Blue Devil Nation,
I decided to take an extra long Spring Break this year and really soaked in the air of freedom. It was exactly what I needed. I had a wonderful Caribbean cruise, salmon short weather all day long, and I got that right amount of tan where I don’t look like Casper, but not so much that I look Mexican-y. It was perfect. That is, until I returned to our Floridian port, cocktail in hand, and tripped over a pile of garbage. This was no ordinary pile of garbage. No, it was a homeless. Yup, a do-nothing pile of nothing that is leeching off our welfare system day in and day out. And as I expected, this only got worse when I returned to campus, seeing troves of the lesser class at Duke.
Now, some may try not to acknowledge the “others,” but I find it next to impossible to not notice the class difference at Duke. They pollute our campus with off-brand clothing. (I’m sorry, but if you don’t have a pony on your polo, you aren’t a real man.) They constantly refuse to eat off-campus because they are saving money or something. And they’re always “just staying home” for break. But I will admit that there are some that even pass through my fine-toothed comb—people that have learned to camouflage into the higher class scene through things like fraternity scholarships or doing porn for money. These are the people that must be feared. And don’t try to trick me into thinking that there is a level playing field for some because you can come from a well-off family but still not have endless funds for social events. If your parents would rather pay the mortgage than pay for you to actually have a college experience, then they aren’t your real parents.
You’re probably thinking, “Right, what’s the big deal? If I don’t even notice them, what’s the harm?” The thing is, you don’t notice them now. But what happens when they infiltrate your fraternity or friend group? In Duke’s social scene, activities are tied to income. There are those that can and those that cannot afford random excursions to the French Quarter for Mardi Gras. There are those who can’t just eat at fancy restaurants in Raleigh because of their “fixed budget.” And this is awkward. Imagine a conversation with your friend. You ask if he wants to have a candle-lit dinner at 604, and he responds with, “Sorry, I want to use food points.” And this is the best-case scenario—the response you get from someone bold enough to say no. Sometimes the person lies about being busy (because who wouldn’t want a nice dinner with me?), or they do go out to dinner with me and I accidentally am the cause of his family losing their home or something. My point is that we need a new system for dealing with this problem. My brain-dead cousin, Left Wing, would probably suggest that we create a system of social stipends that students could use for events or making a more subsidized system where students wouldn’t have to worry about being able to pay for certain events. But this welfare-esque system is only taking money from the rich and rewarding failure. Side note: Life isn’t Mario Kart. You don’t get better items for being in last.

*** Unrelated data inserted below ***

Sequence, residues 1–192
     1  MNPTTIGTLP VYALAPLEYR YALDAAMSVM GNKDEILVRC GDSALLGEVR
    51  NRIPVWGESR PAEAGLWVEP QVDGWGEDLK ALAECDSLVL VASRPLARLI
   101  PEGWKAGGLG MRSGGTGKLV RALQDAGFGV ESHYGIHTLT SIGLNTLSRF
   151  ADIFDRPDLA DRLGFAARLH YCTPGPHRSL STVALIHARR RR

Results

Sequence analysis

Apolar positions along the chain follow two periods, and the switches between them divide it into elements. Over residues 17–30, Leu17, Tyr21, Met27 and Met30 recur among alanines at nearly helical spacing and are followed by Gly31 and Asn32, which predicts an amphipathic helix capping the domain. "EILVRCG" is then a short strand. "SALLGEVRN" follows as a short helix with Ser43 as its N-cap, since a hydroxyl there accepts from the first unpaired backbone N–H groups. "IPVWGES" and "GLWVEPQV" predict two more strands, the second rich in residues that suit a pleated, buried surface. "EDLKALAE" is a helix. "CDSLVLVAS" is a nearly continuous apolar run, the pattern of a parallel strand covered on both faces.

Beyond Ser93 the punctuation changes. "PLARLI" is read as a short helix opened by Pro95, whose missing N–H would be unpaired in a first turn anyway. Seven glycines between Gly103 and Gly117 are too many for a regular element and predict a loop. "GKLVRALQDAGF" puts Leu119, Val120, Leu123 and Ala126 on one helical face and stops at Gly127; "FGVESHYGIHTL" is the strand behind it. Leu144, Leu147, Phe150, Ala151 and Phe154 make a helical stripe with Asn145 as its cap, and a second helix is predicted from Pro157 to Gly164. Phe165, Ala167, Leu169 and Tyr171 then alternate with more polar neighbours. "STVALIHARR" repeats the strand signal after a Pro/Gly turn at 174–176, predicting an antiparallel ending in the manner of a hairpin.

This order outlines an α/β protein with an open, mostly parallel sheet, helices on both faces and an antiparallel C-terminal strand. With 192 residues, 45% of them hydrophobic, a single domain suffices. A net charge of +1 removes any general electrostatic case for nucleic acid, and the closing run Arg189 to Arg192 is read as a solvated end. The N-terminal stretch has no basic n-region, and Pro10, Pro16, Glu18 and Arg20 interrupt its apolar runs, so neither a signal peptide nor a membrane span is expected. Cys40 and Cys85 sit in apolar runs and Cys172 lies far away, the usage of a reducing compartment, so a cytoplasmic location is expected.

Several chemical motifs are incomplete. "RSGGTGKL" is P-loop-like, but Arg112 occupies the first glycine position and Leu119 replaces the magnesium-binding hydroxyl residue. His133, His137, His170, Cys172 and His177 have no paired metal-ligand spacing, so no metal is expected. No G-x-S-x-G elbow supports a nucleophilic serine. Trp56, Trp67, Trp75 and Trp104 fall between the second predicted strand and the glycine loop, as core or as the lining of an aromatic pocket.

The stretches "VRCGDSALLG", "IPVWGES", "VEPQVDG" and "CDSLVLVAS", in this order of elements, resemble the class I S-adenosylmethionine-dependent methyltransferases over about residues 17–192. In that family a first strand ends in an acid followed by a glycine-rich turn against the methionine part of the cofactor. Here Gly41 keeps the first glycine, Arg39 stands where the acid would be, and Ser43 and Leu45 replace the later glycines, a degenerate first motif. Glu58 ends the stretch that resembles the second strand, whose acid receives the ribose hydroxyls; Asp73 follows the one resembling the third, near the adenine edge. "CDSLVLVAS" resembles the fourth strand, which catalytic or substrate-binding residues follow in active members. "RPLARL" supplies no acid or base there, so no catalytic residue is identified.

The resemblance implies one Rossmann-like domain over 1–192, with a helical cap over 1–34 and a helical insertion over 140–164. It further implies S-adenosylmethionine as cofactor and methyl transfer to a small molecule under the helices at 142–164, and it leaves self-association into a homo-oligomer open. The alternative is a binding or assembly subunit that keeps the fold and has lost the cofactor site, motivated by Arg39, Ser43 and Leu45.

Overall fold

But I have an ever-so-modest proposal for how to deal with the problem of the poor. In order to avoid associating with them, all we need to do is put a marker on these people so we don’t have to deal with the awkward conversation about whether or not they can afford certain things. I put forth Hoover Flags as a valid idea. Made popular during the Great Depression, Hoover Flags were a way the poor showed anguish by displaying their empty pockets so everyone could see that they were worthless. Similar to a small star or triangle, a Hoover Flag could make people of a lower income more identifiable so they could mix with their own kind and we could mix with ours. All of a sudden, everyone you know can afford Caribbean cruises, the hoi polloi are in a selective living group and your cares are as lost as a Malaysian airliner. Am I Right, or am I right?
Right Wing pities Belle Knox. No one should ever have to talk to Piers Morgan.